The importance of students building a resume throughout their college career becomes apparent when they begin searching for a job. Associate Professor of Marketing Peter Kaufman and Assistant Professor of Information Technology Rishi Saripalle teamed their students together to help give them an advantage.
The two classes were organized into small teams based on student skill and experience, and given the task to build mobile and web applications, more commonly referred to as “apps.”
One objective of the project was understanding the market for an app including market size, target users, positioning, and competition. Students also had to identify features the users would want the app to have, and develop a launch strategy which included how they would attract users. “The marketing students focused on sizing up the market for their apps and target user group,” explained Kaufman. “Then they passed the features off to the computer science students, who translated those into technical requirements and implemented them to create the app.”
To accomplish the project, the students worked with individuals from different backgrounds. Kaufman said, “This is not always easy, but is crucial to success in business and in life.”
“Working with students from various backgrounds will also help them in other major milestones in their career, as they might not face or contact a person from the same discipline,” Saripalle said. “The need for interdisciplinary skilled students is a growing need in the industry.”
Early on in the course, the students were privy to presentations by app developers from a large financial services company in Illinois. The company discussed the steps they take leading up to the launch of an application including market research, features of the app, technical requirements, building, and testing. “The company was able to talk to the class about how apps work in the real world, before they embarked on developing their own,” said Kaufman.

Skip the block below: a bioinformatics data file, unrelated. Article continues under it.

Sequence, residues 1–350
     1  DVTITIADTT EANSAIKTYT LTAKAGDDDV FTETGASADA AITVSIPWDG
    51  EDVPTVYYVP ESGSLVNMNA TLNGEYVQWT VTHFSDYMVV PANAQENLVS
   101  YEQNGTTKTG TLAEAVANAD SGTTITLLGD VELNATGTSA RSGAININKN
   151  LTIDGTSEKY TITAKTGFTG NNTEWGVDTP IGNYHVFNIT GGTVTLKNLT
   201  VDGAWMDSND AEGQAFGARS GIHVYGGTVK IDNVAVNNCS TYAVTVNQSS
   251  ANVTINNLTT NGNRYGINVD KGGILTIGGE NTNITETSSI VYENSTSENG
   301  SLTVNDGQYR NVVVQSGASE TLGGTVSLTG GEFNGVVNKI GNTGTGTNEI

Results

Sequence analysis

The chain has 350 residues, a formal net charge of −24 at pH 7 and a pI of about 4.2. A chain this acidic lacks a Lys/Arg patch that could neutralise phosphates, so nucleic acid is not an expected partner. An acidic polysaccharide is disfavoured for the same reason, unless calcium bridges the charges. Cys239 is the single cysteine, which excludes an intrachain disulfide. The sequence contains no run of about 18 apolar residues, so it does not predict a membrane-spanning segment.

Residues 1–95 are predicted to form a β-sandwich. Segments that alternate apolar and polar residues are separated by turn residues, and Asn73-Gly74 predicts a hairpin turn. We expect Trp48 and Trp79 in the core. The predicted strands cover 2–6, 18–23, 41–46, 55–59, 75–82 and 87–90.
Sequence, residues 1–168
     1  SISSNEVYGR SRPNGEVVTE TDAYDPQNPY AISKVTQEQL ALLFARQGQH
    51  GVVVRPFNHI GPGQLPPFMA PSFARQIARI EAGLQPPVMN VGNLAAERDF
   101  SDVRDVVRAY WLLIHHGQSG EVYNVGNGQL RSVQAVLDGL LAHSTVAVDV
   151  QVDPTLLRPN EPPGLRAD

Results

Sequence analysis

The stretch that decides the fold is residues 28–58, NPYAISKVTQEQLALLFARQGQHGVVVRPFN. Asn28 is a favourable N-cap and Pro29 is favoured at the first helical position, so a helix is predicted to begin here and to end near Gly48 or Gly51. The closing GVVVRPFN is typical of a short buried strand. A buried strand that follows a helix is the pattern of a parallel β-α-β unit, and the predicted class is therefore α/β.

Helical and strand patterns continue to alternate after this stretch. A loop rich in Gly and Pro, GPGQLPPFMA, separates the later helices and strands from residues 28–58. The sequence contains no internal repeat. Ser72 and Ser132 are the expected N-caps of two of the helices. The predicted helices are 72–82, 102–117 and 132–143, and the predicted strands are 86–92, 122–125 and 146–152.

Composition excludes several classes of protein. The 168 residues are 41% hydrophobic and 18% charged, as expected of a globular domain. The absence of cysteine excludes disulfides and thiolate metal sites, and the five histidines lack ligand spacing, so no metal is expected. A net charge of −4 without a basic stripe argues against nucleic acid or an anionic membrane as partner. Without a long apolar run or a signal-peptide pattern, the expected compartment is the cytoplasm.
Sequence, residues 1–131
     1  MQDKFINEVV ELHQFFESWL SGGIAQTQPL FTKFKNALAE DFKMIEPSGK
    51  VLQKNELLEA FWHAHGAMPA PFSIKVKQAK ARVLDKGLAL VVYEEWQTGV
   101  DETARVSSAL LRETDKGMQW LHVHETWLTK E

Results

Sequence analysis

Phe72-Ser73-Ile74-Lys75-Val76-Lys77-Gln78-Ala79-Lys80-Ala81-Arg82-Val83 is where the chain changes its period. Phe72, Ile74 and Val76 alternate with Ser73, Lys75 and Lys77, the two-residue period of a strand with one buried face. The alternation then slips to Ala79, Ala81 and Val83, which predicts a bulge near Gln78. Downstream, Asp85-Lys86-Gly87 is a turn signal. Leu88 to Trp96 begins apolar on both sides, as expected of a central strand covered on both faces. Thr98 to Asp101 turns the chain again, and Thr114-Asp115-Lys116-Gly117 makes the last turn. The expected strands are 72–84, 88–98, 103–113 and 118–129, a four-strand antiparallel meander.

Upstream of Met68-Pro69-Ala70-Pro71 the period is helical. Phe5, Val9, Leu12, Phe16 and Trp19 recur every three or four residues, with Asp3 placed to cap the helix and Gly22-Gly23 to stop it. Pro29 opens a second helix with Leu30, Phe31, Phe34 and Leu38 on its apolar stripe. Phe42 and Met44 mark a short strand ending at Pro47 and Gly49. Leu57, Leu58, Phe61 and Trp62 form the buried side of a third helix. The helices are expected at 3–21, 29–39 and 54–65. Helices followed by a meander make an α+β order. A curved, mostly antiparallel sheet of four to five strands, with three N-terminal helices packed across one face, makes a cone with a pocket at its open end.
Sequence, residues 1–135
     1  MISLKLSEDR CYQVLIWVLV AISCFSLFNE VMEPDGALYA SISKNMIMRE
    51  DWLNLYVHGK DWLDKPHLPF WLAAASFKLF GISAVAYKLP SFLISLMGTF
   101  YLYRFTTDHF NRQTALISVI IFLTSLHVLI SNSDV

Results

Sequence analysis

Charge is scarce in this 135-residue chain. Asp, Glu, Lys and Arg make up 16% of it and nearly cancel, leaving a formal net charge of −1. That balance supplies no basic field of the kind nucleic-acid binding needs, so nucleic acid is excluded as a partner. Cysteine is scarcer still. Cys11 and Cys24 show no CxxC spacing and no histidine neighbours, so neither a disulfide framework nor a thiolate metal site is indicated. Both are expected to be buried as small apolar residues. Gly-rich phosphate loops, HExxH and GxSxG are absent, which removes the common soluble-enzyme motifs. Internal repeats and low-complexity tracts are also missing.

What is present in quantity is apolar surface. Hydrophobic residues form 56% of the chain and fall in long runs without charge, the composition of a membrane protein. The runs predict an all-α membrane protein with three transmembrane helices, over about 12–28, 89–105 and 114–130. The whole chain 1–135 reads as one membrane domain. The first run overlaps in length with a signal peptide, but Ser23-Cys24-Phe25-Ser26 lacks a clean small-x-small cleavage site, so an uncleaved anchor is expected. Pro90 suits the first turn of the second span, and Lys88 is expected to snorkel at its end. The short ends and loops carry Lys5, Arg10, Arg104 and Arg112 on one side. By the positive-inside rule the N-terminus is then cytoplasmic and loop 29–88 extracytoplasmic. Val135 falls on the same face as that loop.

The project allowed students to think freely and be creative. “The ideas presented by the students are real-time problems that they are facing or seeing,” said Saripalle. “They are not some canned problem or some standard problem from the textbook that has been solved many times.”
Some of the apps presented include how to find lost objects, things to sell, a directory of ISU student organizations, and food and beverages that pair well with movies found on Netflix. At the end of semester, 15-minute presentations consisted of the students justifying why they chose their app, how they conducted their market research, how the app was built, and their competition. Students working on the Netflix app stated in their presentation that with over 65 million Netflix subscribers, they felt they had a solid product. They also said their app gives a social feel to what is typically an individual activity.
Chad Surratt, a marketing student, reflected on how advantageous the app project was. “This project has proven to be the most difficult and beneficial project that I have experienced while at ISU,” he said. “The project took me out of my comfort zone all semester, and I am glad it did.”
When asked if they would conduct this collaboration again, Kaufman and Saripalle both said most definitely yes. “Developing and successfully introducing new products is the lifeblood of companies,” said Kaufman. “In the future, as students embark on their careers, they will also need to be creators and introducers of new technology. I think that we need to provide the next generation of leaders and problem solvers with these types of experiences.”